What is so good about Labour governments and why they manage to reduce crime is that they give opportunities to some of these dysfunctional families. Opportunity is the only way to break out of this cycle of poverty and poor behaviour. Although you say you don't blame these children, you punish them by punishing their parents, not only does this make their situation worse, it is punishing someone for who their parents are. This is obviously unfair.

    You try to square this circle by pointing out that people can make it to the top despite being severely disadvantaged. This is of course true, but this does not mean that the level of inequality doesn't matter, which is what you try to infer from it.

    The facts are that, social mobility has been improved by having a welfare state - think of rigid class structures in Victorian times. Look to Scandanavia, where taxation is over 50% of GDP. They also have the highest levels of social mobility.

    You do actually admit that circumstances DO affect life chances, yet you still punish people for their circumstances. I mentioned genetics because we were talking about causation of poverty and if you deny that circumstances are important then genetics is the only thing left that could be a cause.

    Moving on to your hypothetical lazy graduate. Do we not have a moral obligation in a country as wealthy as this to provide the basics of life, food and shelter?

    I believe that virtually everybody has an innate desire to work. Your solution to the lazy graduate is to remove all support from him. While this sounds attractive, it is counterproductive - you are talking costly means testing and poorhouses, deserving and undeserving poor - back to Victorian times.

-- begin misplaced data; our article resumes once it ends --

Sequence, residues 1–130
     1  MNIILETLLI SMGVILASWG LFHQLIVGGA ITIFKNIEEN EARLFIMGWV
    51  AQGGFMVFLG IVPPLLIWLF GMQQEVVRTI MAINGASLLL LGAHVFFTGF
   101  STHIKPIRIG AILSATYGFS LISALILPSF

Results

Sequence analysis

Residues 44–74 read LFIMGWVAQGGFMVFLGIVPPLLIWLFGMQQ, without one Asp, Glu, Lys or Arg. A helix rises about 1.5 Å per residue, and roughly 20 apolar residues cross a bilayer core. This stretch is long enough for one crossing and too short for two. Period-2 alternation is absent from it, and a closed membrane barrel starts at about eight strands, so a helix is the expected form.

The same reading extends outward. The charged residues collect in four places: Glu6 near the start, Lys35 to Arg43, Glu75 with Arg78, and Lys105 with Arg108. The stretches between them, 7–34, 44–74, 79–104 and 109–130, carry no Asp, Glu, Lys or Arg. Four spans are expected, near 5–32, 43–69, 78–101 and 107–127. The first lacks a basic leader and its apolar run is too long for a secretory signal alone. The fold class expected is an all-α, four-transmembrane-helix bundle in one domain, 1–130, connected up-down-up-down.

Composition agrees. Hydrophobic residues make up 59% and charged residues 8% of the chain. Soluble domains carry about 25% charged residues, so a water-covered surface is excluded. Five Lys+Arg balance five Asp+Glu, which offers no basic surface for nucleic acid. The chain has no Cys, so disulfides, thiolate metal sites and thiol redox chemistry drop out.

He will either (as you suggest) get a job (although the poorhouses and the US example show it is not so simple as that), or he will turn to crime (and he will end up costing you a lot more). You suggest his reason for not working is just laziness, but what really lies behind that? In reality he may decide that crime pays better than years of toil in a job he hates. Like you say, incentives matter.

    If he really is the sort of person who point blank refuses to work, then would you let him starve to death? I would suggest that this hypothetical graduate was suffering from some sort of mental illness if he was so willing to starve rather than work and it would be cheaper to provide him with a basic life and encourage him back to work. It is likely to be a temporary situation as very few prefer unemployment for long, but crime is more costly.

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  28. Neil,

    "While this sounds attractive, it is counterproductive - you are talking costly means testing and poorhouses, deserving and undeserving poor - back to Victorian times."